How Diet Impacts Your Chances of Developing Prostate Cancer

Big, juicy filets. Bacon and bleu burgers. Milkshakes! If you have prostate cancer, none of these things should be on the menu. But that doesn't leave you without options. In fact, the alternatives will leave you feeling much better overall - cancer or no cancer. 



  • Red and processed meat, pork, and eggs
  • More than one or two servings of dairy per week, including low-fat dairy products
  • Saturated fat, trans-fat, and animal fat
  • Refined carbohydrates like white bread and pastries

Instead, seek foods with:

  • Alternative protein sources high in good fats like omega 3s
  • Low in saturated fat and sugar
  • Packed with antioxidants like lycopene and carotenoid
  • Whole grains & high fiber
  • Fruits and cruciferous vegetables

The Devil’s Cheeseburger

For most people, it is said that moderation is the key to a healthy diet. Of course, there are foods that contribute to our health positively and negatively. With prostate cancer, when you are on active surveillance, watchful waiting, undergoing treatment, or in remission, it is especially important to limit (if not altogether avoid) foods with a negative impact, like red meat and dairy.

Red and processed meat contain carcinogens that cause a buildup of free radicals in our bodies over time, and free radicals cause cell damage and genetic mutations which set the stage for cancer. As for dairy products like milk and cheese, they act like anti-probiotics by negatively affecting the healthy bacteria in your biome (aka gut).

Red Meat – Carcinogens & Hormones

Many carcinogens form in red and processed meat and pork during cooking. These toxins include things like saturated fatsodium, and nitrites. The longer you cook red or processed meat the more of these carcinogens are created[i]. If you’re not going to eliminate red meat from your diet (what man doesn’t like a juicy steak) look for lean cuts. Limit your servings to once a week, focus on a portion size of 4-6 ounces - and don’t order your steak well-done.

Carcinogens also cause inflammation and disrupt hormone regulation. Inflammation is our body's response to foreign chemical invaders. It is triggered by things like red meat, fried food, sugary sodas, and refined carbohydrates like white bread and pastries. Persistent inflammation, or chronic inflammation, over time has been linked to not only prostate diseases, but other forms of cancer, heart disease, diabetes, arthritis, depression, and Alzheimer's.

The disruption to normal hormone regulation carcinogens cause is particularly problematic when it comes to prostate cancer and other prostate diseases like benign prostatic hyperplasia (BPH), and prostatitis. This is because the prostate gland’s primary function is to convert the male sex hormone, testosterone into another hormone called dihydrotestosterone (DHT). DHT is the fluid in semen that feeds and transports sperm. High levels of DHT cause the cells in the prostate to become inflamed and to enlarge.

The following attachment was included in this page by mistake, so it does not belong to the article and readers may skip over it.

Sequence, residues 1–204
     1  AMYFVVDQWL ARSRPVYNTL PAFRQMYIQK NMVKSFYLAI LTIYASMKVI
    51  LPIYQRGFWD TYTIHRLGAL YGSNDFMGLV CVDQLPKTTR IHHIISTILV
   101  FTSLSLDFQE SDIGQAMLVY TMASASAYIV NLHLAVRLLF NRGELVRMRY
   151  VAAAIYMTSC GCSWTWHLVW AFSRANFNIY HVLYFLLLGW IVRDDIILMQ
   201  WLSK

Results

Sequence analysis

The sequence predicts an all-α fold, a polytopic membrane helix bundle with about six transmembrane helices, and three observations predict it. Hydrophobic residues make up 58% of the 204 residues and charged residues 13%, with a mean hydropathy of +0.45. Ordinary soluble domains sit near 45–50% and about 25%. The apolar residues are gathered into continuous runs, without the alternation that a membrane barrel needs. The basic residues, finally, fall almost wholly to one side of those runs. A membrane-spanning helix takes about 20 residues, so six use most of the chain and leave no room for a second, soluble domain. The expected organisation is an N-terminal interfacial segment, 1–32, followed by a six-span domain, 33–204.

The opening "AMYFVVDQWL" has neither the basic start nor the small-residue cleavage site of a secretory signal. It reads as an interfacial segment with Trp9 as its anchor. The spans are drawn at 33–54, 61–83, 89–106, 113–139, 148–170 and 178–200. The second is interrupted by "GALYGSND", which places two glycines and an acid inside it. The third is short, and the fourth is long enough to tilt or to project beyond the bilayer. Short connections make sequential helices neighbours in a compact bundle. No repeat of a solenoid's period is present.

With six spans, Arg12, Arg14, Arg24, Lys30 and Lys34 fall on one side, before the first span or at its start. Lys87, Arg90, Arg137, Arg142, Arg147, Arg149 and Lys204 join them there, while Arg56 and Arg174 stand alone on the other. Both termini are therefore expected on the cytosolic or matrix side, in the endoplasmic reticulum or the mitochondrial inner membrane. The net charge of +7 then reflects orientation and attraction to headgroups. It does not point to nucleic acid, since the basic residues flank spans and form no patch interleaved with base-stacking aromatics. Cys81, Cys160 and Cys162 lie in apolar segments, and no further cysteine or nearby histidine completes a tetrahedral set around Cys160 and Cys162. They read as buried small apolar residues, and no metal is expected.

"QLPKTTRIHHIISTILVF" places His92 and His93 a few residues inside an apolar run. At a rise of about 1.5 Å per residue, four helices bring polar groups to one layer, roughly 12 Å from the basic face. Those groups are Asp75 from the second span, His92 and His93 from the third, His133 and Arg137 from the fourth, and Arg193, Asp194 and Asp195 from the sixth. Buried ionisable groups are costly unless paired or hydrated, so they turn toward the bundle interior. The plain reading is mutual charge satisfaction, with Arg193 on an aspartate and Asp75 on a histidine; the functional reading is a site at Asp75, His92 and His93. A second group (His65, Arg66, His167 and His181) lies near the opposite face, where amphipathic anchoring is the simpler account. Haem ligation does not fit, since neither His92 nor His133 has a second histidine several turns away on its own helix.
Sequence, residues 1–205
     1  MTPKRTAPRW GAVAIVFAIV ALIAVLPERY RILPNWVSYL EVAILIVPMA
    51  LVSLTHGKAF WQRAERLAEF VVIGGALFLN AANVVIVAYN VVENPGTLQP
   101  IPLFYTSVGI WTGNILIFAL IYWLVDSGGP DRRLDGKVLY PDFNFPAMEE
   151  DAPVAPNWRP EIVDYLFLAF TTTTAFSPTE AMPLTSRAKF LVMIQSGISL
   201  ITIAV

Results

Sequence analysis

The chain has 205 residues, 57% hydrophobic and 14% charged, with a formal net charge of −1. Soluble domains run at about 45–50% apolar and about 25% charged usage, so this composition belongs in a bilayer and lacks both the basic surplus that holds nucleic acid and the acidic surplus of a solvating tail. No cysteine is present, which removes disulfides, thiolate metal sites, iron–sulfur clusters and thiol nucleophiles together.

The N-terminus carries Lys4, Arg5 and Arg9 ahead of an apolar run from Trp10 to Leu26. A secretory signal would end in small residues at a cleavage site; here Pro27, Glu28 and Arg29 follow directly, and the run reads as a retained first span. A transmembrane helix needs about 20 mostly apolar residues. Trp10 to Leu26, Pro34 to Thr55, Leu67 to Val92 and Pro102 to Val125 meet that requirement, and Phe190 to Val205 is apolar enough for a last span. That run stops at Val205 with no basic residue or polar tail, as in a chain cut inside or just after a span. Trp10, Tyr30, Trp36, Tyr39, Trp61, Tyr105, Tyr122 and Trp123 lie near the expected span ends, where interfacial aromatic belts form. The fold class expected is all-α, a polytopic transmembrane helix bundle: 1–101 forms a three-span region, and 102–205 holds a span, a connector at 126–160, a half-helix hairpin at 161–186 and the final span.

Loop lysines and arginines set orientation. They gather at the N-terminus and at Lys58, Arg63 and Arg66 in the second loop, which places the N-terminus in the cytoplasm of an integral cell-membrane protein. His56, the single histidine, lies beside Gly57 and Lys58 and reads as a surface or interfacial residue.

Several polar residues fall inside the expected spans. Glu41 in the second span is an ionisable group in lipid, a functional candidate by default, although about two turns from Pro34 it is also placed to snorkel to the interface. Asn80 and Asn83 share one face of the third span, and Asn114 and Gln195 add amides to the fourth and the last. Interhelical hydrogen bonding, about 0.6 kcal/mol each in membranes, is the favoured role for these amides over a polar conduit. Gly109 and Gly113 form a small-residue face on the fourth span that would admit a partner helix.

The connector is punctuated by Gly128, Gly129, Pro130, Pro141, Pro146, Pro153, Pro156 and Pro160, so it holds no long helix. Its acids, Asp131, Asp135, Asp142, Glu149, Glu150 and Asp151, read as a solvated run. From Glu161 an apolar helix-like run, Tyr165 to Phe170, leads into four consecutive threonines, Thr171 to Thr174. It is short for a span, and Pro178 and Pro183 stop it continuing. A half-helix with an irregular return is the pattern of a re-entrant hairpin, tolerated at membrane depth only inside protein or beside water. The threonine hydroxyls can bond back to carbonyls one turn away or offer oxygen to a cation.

One important note – eggs should also be consumed in moderation. One study showed that men who ate two and a half or more eggs per week had an 81% increased risk of lethal prostate cancer compared to men who consumed less than half an egg per week[ii]. I know, who eats half an egg per week!? Just some food for thought.

You still need your protein though. Doctors agree that high fiber, low fat, and “good fat” proteins from things like fish, legumes, and beans are the way to go. They give you energy and help you feel satisfied without the lethargy – and cell damage – from greasy, fried, processed meat.

Dairy - Bad News Bacteria 

When we were kids, adults were constantly telling us to drink milk to grow “big and strong!” Why then do dairy products like milk, cheese, and yogurt become problematic later in life by worsening your risk for prostate cancer? It’s like Popeye’s spinach turned Superman’s kryptonite.

Dairy products, even the low-fat ones, negatively affect the bacteria in your gut – aka your “intestinal biome.” Multiple studies over the last decade show that fermented dairy products like milk, cheese, and yogurt increase the proliferation of cancer cells by causing a spike in insulin[i].

One study showed that whole milk was especially dangerous for overweight and obese men. Those who consumed more than four servings of whole milk per week increased their risk of prostate cancer recurrence by 73%[ii].

What can I eat while undergoing treatment for prostate cancer?

There is no research that definitively proves that having even the “cleanest,” healthiest diet possible helps when it comes to battling prostate cancer. There is still no obscure supplement (like "deer antler velvet") or a perfect plant-based panacea.